Moscow may have overreached, as it appears ill-prepared to come up with the necessary funds to cover Crimea-related costs. Infrastructure improvements, development aid, government operations, and other costs will be a multi-billion drain -- as much as $4.5 billion per year.
Sep 8, 2014 | The Moscow Times
Africans require both security and economic growth. Global powers like China and the United States do not need to choose between the two when focusing their foreign policy efforts.
May 31, 2014 | Reuters, The Great Debate blog
Competition from American industry would help drive Chinese firms to be more socially responsible and generate greater benefits for African communities, write Larry Hanauer and Lyle Morris.
Jun 27, 2013 | U.S. News & World Report
The Obama-Xi dialogue offers an opportunity to clarify both countries' interests in Africa and remove a potential irritant to U.S.-Chinese bilateral relations, write Larry Hanauer and Lyle Morris.
Jun 6, 2013 | U.S. News & World Report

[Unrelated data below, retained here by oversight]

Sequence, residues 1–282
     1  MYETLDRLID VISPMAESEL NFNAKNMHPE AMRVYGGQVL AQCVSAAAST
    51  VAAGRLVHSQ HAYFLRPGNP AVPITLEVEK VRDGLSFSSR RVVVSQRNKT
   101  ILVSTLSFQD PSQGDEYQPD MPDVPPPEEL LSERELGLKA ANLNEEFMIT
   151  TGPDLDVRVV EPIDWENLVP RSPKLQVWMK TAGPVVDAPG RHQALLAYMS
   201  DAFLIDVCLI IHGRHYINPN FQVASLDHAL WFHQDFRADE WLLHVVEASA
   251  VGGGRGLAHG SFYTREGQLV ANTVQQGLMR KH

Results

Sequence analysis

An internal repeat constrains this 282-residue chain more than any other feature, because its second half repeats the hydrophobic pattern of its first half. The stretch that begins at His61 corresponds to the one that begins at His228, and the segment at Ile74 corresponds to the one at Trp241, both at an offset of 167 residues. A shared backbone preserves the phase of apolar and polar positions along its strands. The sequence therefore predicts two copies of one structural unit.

No matter which presidential candidate occupies the White House in January, he should make a concerted effort to address Iraq's most combustible hotspot: the northern Iraqi city of Kirkuk, writes Larry Hanauer.
Nov 5, 2012 | RAND.org and GlobalSecurity.org
A comprehensive Indian military training effort in Afghanistan would balance Pakistan's own involvement in the country, build upon a decade of American achievements in fighting the Taliban and al-Qaeda, and contribute to peace and security in the region, write Larry Hanauer and Peter Chalk.
Aug 10, 2012 | The Diplomat
In the long run, a more robust Indian military role in Afghanistan represents one of the best ways to advance New Delhi's strategic interests while fostering Kabul's continued security and economic development after US and NATO forces begin to withdraw in 2014, write Larry Hanauer and Peter Chalk.
Jul 12, 2012 | Hindustan Times
Both Iraqi and Kurdish officials have expressed concern that ethnic violence will break out in the north once U.S. troops withdraw. Though many state publicly that the U.S. "occupation" must end, some of these same officials say privately that they would like U.S. troops to remain as a go-between, writes Larry Hanauer.
Aug 3, 2011 | CNN